“And when you pray, do not be like the hypocrites, for they love to pray standing in the synagogues and on the street corners to be seen by others. Truly I tell you, they have received their reward in full. But when you pray, go into your room, close the door and pray” –Matthew 6:5-6
Recently, I heard a story that has left me undecided. I confess, I like stories that dare you discover the meaning. I like the sifting process, the mulling things over, and even sometimes the debate about the true purpose of the story.
The story I heard was about prayer and it was told by a rabbi. He said,
“Two people do their daily prayers while at work. One spends twenty minutes in the office behind a closed door and afterward feels refreshed and uplifted, like he just had a therapy session. The other is so busy, he can squeeze in only a five-minute prayer session between phone calls. He recites his prayers superfast in a supply closet.”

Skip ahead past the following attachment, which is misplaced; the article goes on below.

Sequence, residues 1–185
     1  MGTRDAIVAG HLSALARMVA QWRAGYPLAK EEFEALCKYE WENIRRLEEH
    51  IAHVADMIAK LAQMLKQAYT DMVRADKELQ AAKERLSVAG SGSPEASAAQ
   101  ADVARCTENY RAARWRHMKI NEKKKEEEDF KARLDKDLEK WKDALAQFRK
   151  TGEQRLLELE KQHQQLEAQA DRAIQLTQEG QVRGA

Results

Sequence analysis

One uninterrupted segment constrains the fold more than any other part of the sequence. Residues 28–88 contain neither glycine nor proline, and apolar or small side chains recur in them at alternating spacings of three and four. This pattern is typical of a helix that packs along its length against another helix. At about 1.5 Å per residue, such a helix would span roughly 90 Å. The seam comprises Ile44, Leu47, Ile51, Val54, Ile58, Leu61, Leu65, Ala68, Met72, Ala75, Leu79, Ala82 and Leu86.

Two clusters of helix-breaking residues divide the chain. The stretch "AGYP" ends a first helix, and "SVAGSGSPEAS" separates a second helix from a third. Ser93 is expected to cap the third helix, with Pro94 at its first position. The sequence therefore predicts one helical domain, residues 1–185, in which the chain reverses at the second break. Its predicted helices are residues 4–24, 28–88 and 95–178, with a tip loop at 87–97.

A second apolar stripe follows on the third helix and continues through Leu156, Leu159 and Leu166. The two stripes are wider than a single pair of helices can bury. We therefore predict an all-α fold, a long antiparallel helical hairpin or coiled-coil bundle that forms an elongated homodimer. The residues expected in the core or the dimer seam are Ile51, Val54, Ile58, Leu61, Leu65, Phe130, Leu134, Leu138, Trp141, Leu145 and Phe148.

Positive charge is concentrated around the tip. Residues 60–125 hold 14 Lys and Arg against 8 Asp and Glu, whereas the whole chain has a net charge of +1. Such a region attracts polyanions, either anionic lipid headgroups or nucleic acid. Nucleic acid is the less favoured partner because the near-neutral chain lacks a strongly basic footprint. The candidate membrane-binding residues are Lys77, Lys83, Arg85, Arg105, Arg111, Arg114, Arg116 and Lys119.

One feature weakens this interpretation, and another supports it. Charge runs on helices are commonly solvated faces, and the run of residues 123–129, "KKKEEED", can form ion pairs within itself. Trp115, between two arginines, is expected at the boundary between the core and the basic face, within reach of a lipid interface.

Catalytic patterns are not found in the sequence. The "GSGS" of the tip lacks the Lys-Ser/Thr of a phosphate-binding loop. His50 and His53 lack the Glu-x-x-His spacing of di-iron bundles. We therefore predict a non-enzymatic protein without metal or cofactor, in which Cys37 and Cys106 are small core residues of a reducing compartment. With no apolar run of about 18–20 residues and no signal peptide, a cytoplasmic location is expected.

The rabbi then asks, “Who has done the better thing?”
My first instinct is to say that the first one has done the better thing. He prayed for a longer amount of time. It seems as though his prayer “worked” because of how he feels afterwards. He clearly opened his heart to God and is now ready to face the day.
But the rabbi sees it differently.
The rabbi says that the second person had done it better. The rabbi explains, “The second person was praying only for God. This person sacrificed his time without any benefit for himself.”
While I am not sure if I agree with the rabbi, I do see the point the rabbi is making. Prayer is not a self-help tool. Prayer is for God’s glory, as is our whole life.
It is easy to see our faith through the lens of self-help or personal empowerment. And it is good to be encouraged. It is good to find the internal strength to rise and face the day. It is good to feel refreshed and uplifted. These goods are gifts from God which need to be enjoyed and celebrated. And, like all gifts from God, they are to be put into the service of our highest goal which is godliness (aka a life of love).